In a previous article, we gave nine of the best spots to picnic in northern and southern Michigan as well as Michigan’s Upper Peninsula. This article continues with six more spots to have a picnic, whether it’s for a romantic outing, family fun, or simply because curiosity got the better of you and you need to see a new place.

Northern Michigan

Sand Lakes Quiet Area, Williamsburg: Quiet area, indeed. You rarely run into other people when you visit this part of the Pere Marquette State Forest between Acme and Kalkaska. There are five small lakes surrounding by woods and hills, and although the scenery isn’t spectacular, you can’t find a more peaceful place. Walk the trails to one of the lakes and eat while watching the glimmering still waters and listening to the birds.

Rifle River Recreation Area, Lupton: This expansive area has more than just the picturesque Rifle River, which is ideal for kayaking and canoeing; there are six other lakes of various sizes, connected by a network of trails. The picnic area is near Grousehaven Lake, but the observation tower overlooking Grebe Lake or sitting under the cedar trees on the banks of Devoe Lake are all good locations for a picnic.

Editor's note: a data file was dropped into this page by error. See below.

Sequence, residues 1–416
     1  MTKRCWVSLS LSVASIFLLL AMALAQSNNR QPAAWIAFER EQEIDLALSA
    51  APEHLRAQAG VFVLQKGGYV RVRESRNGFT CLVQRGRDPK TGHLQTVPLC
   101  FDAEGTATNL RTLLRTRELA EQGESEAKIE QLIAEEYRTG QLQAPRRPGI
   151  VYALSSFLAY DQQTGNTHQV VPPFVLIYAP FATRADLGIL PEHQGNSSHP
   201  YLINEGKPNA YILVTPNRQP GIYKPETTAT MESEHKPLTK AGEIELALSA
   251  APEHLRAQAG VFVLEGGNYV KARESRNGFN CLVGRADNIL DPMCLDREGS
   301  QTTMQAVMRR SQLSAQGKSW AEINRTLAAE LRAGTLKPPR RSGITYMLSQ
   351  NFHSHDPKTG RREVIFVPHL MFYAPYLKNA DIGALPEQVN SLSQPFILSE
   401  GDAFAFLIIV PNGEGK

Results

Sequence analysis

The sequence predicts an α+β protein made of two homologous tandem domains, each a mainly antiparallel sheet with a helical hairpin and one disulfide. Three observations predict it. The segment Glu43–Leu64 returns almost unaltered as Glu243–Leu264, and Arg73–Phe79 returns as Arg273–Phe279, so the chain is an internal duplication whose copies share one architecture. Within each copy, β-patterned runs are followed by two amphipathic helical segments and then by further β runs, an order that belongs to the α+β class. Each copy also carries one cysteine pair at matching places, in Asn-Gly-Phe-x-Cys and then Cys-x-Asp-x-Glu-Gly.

Southern Michigan

Langley Covered Bridge, Centreville: Neighboring state Indiana is more well-known for its covered bridges, but the Langley Covered Bridge in Centreville is the subject of many photographers and is one of the few remaining covered bridges in the state. It’s also one of the longest in the nation, stretching 282 feet across the St. Joseph River. Walk across the bridge to Covered Bridge Farm, which has picnic tables at the restored historic barn as well as a picnic pavilion that overlooks the iconic covered bridge.

Macomb Orchard Trail, Richmond: This is one of the best biking and walking trails in the state – smooth, level, easy, and scenic (especially in the fall). But it’s rarely overcrowded. After a relaxing ride, have a picnic at the trailhead pavilion in Richmond or at the barn-inspired pavilion at the West Road parking area. But you can always eat on the road, stopping at one of the trailside benches for a quick bite to eat before you continue on.


Upper Peninsula

Fumme Falls, Iron Mountain: Does the name Henry Ford ring a bell? He and his traveling Vagabonds probably stopped here once or twice during their camping trips. This little roadside waterfall on U.S.2 has a couple picnic tables, although the highway traffic can get a little distracting. Still, it’s a nice spot for a quick lunch and a pretty view that travelers have enjoyed for a hundred years.

Van Riper State Park, Champion: The designated picnic area is near the south entrance (from Marquette) between the railroad tracks and Lake Michigamme. If you really want to get away from it all, hike the three or so miles to the overlook; you might even see a train go by – or maybe a moose, if you’re particularly lucky!


Do you have everything you need for your picnic? Here are some items you may want to bring along.